Similarly, Andrew Saint, the petition’s co-author and general editor of Yale University Press publication The Survey of London, attributed the current success of the Press’s art list entirely to Malpass and Salvesen. He added that anyone associated with the sphere of art history publishing would agree that Yale University Press London is the foremost leader in the field.

“Ask anyone who knows about such things and they will tell you that Yale UP London are simply the tops in the international English-speaking world for art history publishing. It may be that many in New Haven including people high up in the university are unaware of this, but it is for this and this alone that the name of Yale is held in high repute in many circles,” Saint said told the News. “The campaign to destroy what has been achieved to international acclaim is perverse and vandalistic.”

In the Press’ response to the petition, Donatich and McCallum assured the petitioners that the art list is not under threat and that “nothing could be further from the truth.” Further, the response added that the reorganization of the Press is company-wide and not confined solely to the art department. In the context of the ever changing publishing environment, the response reads, maintaining the art list’s world-class standards requires a fundamental reappraisal of the Press’ entire operation.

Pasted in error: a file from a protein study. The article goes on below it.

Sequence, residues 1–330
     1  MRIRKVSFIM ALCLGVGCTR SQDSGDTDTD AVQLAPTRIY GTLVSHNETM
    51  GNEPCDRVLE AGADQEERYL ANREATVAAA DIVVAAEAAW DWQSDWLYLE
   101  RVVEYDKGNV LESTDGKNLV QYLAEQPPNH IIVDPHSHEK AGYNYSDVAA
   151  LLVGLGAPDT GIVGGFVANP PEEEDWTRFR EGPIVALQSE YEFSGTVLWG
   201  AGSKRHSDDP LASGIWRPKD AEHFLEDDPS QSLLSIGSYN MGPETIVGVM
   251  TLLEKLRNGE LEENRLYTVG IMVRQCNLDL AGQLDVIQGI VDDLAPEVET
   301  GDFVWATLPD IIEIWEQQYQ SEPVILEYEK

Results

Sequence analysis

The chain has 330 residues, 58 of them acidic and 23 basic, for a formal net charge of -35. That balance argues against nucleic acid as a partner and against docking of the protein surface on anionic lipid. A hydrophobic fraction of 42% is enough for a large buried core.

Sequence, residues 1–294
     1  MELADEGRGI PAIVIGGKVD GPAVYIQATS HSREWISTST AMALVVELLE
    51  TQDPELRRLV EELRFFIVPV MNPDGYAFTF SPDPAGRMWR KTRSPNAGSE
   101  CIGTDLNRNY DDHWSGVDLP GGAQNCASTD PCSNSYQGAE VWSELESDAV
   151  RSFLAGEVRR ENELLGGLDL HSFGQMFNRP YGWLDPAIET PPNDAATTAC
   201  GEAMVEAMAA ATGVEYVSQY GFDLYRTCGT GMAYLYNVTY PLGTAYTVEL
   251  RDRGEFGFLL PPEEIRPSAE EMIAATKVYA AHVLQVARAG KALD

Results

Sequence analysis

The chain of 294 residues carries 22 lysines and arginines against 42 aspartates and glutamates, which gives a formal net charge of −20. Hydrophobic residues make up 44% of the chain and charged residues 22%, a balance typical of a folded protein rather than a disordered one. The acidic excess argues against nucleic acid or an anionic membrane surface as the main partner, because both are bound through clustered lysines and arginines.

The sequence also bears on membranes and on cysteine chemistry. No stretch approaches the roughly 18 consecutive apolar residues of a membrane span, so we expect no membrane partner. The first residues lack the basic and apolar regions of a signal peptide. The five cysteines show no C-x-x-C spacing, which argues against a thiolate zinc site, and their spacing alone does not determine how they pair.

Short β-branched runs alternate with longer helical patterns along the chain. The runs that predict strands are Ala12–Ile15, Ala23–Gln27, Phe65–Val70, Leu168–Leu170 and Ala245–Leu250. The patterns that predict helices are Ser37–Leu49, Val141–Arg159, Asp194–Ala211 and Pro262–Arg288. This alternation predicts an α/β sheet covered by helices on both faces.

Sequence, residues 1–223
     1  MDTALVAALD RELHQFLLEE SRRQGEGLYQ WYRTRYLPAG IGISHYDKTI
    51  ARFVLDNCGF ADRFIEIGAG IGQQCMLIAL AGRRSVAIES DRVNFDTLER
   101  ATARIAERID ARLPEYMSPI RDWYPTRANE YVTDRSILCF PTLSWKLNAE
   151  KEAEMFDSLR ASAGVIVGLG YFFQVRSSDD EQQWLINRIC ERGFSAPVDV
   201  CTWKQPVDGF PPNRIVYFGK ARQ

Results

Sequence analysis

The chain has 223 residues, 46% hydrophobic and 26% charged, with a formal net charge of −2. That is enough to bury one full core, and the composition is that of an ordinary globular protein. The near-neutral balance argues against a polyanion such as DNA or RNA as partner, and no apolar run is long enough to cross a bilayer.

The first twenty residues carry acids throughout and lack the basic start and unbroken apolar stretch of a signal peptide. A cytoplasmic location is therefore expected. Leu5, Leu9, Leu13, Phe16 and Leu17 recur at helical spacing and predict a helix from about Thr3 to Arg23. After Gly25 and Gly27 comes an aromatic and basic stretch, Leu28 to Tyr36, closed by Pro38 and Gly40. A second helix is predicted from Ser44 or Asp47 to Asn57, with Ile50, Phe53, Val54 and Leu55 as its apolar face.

While it has already been finalized that Malpass will be leaving the Press in August, details of Salvesen’s removal have not yet been released.  

“The reorganization has been designed to support and sustain [Yale University Press London’s] academic art publishing and to build on and continue its distinguished legacy,” the Press’ reply reads. “We can assure you that it was thoroughly researched and discussed at great length, and it has the full support of the YUPL Trustees, Yale University Press and Yale University leadership.”

But members of the international academic community remain unconvinced. Lubbock said that none of the over 300 people who signed the petition were consulted or aware of any consultation within the Yale faculty. He added that at the end of the Press response, the Press cites its “wonderful art list” prepared in 2017 as a testament to its continuing commitment to quality — despite the fact that this list was compiled by Malpass and Salvesen.

Others who had personally worked with Malpass and Salvesen expressed similar sentiments. Art historian Aimee Price ‘63 GRD ‘72 said during the numerous years that she worked on publishing her book with Malpass, she could not have asked for a better editor. She noted that Malpass’ encouragement, engagement and expertise made large contributions to the success of her book, which is a study of French artist Pierre Puvis De Chavannes.

Nicoll said that the Press’ restructuring decision was ill-made and eccentric. He added that while he does not know exactly why Malpass and Salvesen were fired, he noted that it is clear the revenue generated by publishing academic art books has fallen.    

“I do think one of the things that bothers me the most about [Malpass being laid off] is that Yale really stands for something in the scholarly field and I don’t think [the Press] was ever intended to be a money maker,” Price said. “Yale really means something, so I really hope this is just a bad mistake.”